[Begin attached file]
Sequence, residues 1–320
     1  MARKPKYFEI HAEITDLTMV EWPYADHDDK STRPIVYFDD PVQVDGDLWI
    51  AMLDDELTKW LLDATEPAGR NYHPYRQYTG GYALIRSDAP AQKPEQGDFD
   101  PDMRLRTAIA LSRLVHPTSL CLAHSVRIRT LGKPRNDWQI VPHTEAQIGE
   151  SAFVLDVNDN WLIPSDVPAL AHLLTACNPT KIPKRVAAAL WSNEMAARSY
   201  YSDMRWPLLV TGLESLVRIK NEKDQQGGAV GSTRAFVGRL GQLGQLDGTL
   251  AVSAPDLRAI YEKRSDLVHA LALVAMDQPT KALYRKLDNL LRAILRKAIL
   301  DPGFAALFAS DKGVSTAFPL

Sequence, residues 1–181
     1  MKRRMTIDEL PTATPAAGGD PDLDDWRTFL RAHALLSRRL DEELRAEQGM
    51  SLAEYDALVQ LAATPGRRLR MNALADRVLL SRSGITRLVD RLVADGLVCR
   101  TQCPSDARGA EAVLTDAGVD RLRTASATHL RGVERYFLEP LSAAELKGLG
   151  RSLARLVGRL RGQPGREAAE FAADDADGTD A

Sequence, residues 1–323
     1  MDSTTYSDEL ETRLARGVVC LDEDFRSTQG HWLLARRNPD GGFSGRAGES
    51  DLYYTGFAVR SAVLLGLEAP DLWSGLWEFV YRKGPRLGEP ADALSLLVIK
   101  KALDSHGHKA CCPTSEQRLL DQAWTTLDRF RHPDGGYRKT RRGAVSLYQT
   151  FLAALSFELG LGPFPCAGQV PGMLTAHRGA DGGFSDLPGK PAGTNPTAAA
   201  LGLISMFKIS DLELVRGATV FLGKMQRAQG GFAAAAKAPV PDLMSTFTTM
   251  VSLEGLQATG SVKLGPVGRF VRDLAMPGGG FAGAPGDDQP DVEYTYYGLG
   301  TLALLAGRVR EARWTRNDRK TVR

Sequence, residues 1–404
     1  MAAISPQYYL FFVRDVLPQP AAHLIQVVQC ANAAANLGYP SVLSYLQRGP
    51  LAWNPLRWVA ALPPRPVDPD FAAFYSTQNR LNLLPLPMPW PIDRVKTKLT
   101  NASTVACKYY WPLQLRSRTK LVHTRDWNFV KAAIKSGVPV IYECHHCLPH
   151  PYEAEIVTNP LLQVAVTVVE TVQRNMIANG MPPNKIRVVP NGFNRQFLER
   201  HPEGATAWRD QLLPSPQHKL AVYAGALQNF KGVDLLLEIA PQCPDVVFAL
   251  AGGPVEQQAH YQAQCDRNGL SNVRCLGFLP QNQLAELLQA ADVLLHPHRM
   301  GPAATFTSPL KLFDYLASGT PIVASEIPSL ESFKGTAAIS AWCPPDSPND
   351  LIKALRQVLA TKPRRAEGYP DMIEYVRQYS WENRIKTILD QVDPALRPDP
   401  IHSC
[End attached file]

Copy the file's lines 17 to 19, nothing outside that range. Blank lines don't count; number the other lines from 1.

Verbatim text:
   101  KALDSHGHKA CCPTSEQRLL DQAWTTLDRF RHPDGGYRKT RRGAVSLYQT
   151  FLAALSFELG LGPFPCAGQV PGMLTAHRGA DGGFSDLPGK PAGTNPTAAA
   201  LGLISMFKIS DLELVRGATV FLGKMQRAQG GFAAAAKAPV PDLMSTFTTM